Designers often argue about whether we’re designing an experience or designing for an experience, and ponder the more philosophical aspects of having an experience. Is an experience something designers shape? Is it something participants make?
Arguably, every experience is unique. But if this is true, what do we mean when we talk about the experience?
This makes for some great debate for designers. But what do the people who use the products and services we make think when they talk about experience?
I’ve been thinking about this question a lot recently, instigated by my…um…experience…designing for patients of a neurosurgery clinic. The patients referred to the experience as what they expected to happen: what they thought the experience would be like in a general sense. They would check-in, wait, it would be crowded, they’d get called to an exam room, wait some more, see the doctor, then check out.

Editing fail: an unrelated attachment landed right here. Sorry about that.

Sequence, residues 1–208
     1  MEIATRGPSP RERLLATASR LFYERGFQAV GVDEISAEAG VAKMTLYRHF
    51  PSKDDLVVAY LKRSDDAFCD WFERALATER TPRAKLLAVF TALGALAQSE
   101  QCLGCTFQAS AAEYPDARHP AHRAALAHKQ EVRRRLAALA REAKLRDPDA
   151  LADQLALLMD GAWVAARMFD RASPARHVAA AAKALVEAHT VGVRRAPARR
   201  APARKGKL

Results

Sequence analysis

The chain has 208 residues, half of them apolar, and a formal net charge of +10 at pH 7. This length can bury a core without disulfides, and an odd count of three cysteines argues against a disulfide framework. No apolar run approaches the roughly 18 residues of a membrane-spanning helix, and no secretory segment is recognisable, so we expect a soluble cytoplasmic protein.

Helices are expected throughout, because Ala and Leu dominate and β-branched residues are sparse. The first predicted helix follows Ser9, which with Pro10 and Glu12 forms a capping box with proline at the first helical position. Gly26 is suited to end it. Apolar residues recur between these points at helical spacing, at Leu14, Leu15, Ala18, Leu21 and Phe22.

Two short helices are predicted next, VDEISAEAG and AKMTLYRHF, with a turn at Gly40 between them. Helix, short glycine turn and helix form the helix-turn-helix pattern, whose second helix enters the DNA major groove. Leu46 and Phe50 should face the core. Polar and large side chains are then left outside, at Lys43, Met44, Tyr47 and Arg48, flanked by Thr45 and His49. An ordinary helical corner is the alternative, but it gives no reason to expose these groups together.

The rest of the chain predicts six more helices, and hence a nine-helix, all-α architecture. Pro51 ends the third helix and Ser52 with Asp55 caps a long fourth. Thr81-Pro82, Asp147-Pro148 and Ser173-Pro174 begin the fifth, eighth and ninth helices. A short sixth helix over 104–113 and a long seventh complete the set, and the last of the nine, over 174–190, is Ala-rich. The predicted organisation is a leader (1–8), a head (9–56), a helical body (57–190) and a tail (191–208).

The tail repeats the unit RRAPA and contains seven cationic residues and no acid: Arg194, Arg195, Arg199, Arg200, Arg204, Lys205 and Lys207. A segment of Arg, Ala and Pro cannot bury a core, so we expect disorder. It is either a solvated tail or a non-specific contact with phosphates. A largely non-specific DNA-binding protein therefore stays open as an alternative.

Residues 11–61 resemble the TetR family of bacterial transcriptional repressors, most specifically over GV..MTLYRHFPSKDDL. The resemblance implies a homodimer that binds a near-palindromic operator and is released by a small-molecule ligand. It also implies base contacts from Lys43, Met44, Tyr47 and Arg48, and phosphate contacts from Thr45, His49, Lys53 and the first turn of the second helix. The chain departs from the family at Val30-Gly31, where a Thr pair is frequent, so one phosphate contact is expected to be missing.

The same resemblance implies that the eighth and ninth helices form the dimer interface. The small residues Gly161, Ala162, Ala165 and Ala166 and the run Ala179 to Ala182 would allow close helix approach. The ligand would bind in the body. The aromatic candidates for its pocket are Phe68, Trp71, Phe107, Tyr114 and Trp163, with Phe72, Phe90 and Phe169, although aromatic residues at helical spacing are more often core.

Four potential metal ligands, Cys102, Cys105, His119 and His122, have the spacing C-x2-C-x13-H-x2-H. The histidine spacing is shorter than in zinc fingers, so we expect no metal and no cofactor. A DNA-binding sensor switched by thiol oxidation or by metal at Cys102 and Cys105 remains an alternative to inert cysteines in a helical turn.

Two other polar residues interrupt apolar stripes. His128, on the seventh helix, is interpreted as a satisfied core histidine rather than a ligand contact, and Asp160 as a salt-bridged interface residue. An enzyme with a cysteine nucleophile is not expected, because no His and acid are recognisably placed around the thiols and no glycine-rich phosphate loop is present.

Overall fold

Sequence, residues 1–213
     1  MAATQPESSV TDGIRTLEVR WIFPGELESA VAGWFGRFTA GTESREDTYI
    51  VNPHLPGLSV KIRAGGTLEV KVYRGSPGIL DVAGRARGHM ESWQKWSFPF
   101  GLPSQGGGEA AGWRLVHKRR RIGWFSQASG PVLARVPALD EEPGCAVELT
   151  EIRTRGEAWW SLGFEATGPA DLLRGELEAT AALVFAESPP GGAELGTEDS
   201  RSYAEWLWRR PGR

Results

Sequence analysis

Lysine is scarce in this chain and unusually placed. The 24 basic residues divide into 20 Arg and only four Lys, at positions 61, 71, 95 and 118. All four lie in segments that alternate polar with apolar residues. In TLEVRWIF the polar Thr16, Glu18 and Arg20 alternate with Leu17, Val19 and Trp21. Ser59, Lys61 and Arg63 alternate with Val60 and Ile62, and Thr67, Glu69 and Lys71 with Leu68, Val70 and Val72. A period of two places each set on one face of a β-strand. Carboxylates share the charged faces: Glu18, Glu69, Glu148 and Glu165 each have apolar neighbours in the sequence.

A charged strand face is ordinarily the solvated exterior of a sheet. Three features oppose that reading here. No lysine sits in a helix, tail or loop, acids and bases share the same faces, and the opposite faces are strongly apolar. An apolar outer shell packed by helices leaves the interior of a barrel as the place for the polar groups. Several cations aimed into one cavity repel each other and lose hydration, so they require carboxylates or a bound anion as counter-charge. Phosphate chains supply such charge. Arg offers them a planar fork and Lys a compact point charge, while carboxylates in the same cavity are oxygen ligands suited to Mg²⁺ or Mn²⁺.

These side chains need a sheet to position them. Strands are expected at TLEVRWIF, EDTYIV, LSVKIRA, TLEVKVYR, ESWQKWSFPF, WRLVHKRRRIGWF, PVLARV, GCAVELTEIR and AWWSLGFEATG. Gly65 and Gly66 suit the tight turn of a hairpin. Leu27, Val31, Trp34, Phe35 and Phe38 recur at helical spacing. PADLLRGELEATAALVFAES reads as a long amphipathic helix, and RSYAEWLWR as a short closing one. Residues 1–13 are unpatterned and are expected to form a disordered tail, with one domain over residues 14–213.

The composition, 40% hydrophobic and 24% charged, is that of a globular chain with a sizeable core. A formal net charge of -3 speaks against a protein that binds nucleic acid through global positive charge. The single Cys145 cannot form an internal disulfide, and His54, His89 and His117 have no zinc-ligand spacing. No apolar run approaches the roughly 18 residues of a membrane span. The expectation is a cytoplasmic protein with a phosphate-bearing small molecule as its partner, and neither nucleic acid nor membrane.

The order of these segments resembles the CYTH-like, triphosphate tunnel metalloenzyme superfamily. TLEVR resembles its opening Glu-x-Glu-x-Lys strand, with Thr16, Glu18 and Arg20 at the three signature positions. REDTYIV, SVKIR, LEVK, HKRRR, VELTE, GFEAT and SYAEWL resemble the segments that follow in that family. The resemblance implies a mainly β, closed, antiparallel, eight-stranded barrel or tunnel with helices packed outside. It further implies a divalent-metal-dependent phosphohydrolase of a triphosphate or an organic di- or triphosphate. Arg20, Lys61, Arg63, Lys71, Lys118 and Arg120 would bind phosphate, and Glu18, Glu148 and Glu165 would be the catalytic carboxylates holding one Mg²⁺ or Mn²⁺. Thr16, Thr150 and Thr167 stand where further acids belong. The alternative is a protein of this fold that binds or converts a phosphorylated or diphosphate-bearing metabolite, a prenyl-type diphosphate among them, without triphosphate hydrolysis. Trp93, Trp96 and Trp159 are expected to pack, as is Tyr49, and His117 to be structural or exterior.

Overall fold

But there was also the experience of what actually happened. They complained about waiting. The doctor joked with them, saying it was his goal to make them wait. They laughed and felt better.
Which is the experience? The perceived or the actual? Which is more important in the eyes of the patient? Which is more important in terms of the service? What can designers design?
I will continue to ponder.